If your child is constantly mouthing or chewing, it may be one method he uses to calm himself. Here are some suggestions:

  • Give your child various types of textures or stimuli to mouth such as, the Discovery Toy that is rubber and has 4 different types of tips or nubs. Each provides a different type of sensory input.
  • Give some deep pressure to the face with your hands, his hands or a terry cloth towel going in a slow, downward direction.
  • Vibration is often enjoyable if it is introduced slowly. Be cautious with this type of sensory input and use it sparingly. Try to let your child dictate how much or little vibration massage he receives.
  • Chewing on therapy tubing or drinking milkshakes or Slurpees through a straw are often helpful.
  • Chewy or crunchy foods such as pretzels, trail mix, Starburst may also be a preferred activity for your child.

Refusal to hold items in hands

If your child is hypersensitive in the hands, he will resist holding objects in his hands. He may become very upset if his hands are dirty or need to be cleaned. When he holds an object, it is with a very weak grasp that is more at the fingertips than the palm. Yet he may hold onto certain, preferred objects. Instead of purposeful play, however, he will use a preservative type motion, such as banging two blocks together or throwing off a tray, shaking and so on. He is only able to process limited amounts of information from the object, which is seen more in loud, banging activities rather than purposeful play. If this sounds like your child, he may benefit from the following activities:

  • Provide deep pressure to the hands, such as placing your hand firmly on top of his and guiding him through an activity.
  • Offer vibration on his hands from toys such as a Bumble ball™.
  • Provide various types of textures, such as soft, hard, scratchy. Be sure to consistently monitor your child's response to the input.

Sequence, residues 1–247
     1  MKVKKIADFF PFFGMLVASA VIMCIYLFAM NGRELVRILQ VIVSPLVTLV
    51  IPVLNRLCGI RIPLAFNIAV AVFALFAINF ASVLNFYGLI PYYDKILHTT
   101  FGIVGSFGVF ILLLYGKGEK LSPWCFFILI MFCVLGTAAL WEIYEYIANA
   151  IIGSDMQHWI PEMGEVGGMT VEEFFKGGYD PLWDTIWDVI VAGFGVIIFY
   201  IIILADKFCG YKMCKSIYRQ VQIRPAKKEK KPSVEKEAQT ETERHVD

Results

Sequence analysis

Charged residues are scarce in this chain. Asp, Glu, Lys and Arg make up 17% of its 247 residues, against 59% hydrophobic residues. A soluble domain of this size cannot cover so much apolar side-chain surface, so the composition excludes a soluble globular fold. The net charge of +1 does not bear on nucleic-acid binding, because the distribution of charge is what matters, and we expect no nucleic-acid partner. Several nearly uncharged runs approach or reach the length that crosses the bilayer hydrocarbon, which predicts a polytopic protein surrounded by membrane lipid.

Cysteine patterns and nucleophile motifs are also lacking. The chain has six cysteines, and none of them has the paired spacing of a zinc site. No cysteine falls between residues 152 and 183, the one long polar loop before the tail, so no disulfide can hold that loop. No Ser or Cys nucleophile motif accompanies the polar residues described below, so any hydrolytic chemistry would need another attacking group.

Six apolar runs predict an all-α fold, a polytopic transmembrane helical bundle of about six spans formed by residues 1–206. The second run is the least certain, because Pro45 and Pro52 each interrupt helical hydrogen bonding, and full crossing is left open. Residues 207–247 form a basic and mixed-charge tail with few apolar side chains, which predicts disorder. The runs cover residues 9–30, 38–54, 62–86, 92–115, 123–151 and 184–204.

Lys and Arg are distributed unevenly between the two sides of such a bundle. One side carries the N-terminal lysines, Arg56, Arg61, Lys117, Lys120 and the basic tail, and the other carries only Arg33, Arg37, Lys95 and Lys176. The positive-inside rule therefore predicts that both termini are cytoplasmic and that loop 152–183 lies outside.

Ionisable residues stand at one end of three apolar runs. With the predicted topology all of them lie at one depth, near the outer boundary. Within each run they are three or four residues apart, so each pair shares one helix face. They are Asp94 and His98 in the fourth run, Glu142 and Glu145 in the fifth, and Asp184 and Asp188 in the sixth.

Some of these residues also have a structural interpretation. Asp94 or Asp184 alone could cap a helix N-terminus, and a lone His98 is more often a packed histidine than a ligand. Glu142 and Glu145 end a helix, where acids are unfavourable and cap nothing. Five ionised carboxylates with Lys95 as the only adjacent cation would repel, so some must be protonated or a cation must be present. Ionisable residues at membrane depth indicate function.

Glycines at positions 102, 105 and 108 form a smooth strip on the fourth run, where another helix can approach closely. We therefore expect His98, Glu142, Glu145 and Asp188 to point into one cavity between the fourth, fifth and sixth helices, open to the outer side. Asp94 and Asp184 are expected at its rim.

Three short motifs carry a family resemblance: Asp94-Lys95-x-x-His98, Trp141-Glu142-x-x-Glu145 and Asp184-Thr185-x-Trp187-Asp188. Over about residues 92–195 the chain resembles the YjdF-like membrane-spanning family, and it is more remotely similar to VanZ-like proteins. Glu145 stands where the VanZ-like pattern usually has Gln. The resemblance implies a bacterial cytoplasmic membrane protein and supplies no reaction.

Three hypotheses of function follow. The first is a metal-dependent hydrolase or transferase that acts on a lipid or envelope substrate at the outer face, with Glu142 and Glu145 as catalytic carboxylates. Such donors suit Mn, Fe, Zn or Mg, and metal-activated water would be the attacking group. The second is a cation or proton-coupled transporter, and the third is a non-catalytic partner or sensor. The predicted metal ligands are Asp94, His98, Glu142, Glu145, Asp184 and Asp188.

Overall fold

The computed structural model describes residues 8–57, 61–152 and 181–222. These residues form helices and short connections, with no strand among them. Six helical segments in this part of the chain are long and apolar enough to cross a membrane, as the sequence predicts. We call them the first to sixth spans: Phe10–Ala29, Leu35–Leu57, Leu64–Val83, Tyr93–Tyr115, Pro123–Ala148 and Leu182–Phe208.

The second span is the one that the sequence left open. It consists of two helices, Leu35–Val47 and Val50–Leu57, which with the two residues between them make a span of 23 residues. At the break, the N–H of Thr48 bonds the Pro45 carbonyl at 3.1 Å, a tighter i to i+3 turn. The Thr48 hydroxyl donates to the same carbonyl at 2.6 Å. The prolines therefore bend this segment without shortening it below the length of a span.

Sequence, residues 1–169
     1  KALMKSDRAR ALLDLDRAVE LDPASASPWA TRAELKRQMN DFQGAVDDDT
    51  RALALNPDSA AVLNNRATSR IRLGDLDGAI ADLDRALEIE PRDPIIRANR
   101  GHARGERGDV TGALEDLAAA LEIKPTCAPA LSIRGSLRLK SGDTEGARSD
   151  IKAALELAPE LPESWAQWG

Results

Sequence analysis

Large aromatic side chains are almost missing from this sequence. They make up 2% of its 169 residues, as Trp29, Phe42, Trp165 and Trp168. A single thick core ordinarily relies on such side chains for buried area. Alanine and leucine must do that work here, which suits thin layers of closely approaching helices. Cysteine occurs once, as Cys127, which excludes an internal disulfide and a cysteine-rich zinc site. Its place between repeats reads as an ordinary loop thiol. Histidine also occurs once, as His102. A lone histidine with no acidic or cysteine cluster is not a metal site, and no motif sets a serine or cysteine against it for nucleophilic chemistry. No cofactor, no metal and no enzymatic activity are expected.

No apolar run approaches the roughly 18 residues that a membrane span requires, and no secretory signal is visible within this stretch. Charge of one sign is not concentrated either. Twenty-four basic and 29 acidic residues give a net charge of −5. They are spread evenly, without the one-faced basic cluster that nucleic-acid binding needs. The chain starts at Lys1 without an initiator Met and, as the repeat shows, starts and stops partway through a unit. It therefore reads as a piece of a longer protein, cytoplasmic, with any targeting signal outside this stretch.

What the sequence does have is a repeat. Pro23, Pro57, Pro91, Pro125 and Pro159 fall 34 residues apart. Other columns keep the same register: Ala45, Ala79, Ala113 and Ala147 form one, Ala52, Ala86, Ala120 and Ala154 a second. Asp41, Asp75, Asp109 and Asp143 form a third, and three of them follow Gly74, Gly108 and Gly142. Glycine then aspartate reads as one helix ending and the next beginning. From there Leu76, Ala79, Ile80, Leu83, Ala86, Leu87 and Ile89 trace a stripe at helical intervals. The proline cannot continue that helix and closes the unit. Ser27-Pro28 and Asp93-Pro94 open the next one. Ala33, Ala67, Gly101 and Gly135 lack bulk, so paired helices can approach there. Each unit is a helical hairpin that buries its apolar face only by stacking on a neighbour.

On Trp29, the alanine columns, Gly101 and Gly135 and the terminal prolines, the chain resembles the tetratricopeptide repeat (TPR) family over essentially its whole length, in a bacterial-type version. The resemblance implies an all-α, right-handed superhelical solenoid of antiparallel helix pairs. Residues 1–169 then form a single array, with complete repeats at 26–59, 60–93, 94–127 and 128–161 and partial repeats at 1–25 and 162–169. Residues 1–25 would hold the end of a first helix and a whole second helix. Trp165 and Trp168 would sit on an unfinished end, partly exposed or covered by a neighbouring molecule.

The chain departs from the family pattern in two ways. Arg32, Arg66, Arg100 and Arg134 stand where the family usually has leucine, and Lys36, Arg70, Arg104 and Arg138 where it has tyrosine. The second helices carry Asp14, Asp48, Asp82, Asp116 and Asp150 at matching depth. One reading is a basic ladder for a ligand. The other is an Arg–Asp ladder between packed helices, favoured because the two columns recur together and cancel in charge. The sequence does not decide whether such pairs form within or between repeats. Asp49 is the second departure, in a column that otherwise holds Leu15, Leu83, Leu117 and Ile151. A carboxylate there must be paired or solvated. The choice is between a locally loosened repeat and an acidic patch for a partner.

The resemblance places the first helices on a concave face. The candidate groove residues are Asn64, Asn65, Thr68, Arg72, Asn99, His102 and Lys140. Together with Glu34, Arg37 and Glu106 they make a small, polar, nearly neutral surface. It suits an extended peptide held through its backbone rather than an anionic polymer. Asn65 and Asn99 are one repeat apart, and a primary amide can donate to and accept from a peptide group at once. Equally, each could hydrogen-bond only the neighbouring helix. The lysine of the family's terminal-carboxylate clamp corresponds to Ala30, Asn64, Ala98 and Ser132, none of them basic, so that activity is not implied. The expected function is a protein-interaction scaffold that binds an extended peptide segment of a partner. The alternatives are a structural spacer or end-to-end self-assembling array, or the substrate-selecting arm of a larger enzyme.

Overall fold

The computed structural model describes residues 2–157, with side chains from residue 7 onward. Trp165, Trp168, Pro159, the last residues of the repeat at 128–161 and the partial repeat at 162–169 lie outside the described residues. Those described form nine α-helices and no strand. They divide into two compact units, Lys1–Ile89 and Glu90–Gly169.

• Provide various types of textures within a child's reach (such as a basket or box), which will allows your child access to explore these items on his own.

Purposely banging into walls, furniture, pushing or knocking over objects.

If your child seems to purposefully bang into walls, furniture or knock over objects, he probably is not processing movement. Through these activities he is seeking the sensation of movement either through rocking, spinning, banging into objects or walls. He may also be trying to provide his body with deep pressure in an effort to calm his system. Some suggested activities include:

  • Fill a wagon or box with heavier objects that child could push or pull around the room.
  • Fill a backpack with heavier books (within reason) and putting the backpack on your child's back. This may provide the feedback the child needs to understand where his body is in space.
  • Other activities that provide proprioceptive input, such as deep pressure, roughhousing, jumping on a small trampoline (with supervision), tug of war or wrapping up in a blanket may help him calm and process information more appropriately.

Excessive spinning or rocking:

If your child spends too much time rocking or spinning, he may be trying to calm his system down. He may also be seeking movement input. Activities that may be helpful include: